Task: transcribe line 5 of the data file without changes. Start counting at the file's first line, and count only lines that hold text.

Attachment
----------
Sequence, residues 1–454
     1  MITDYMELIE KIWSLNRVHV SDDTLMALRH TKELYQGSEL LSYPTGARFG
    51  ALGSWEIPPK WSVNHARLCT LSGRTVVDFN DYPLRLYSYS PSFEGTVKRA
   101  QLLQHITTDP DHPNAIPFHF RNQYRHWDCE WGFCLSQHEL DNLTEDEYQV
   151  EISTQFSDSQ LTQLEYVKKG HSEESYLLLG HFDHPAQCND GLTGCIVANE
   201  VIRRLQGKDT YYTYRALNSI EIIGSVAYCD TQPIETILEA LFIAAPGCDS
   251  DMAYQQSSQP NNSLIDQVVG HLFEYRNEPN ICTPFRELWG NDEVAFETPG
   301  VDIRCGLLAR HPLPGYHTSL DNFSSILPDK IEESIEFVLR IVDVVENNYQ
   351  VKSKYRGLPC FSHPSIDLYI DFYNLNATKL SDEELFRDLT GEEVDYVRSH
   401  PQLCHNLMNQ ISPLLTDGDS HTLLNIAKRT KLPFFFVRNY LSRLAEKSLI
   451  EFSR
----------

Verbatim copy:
   151  EISTQFSDSQ LTQLEYVKKG HSEESYLLLG HFDHPAQCND GLTGCIVANE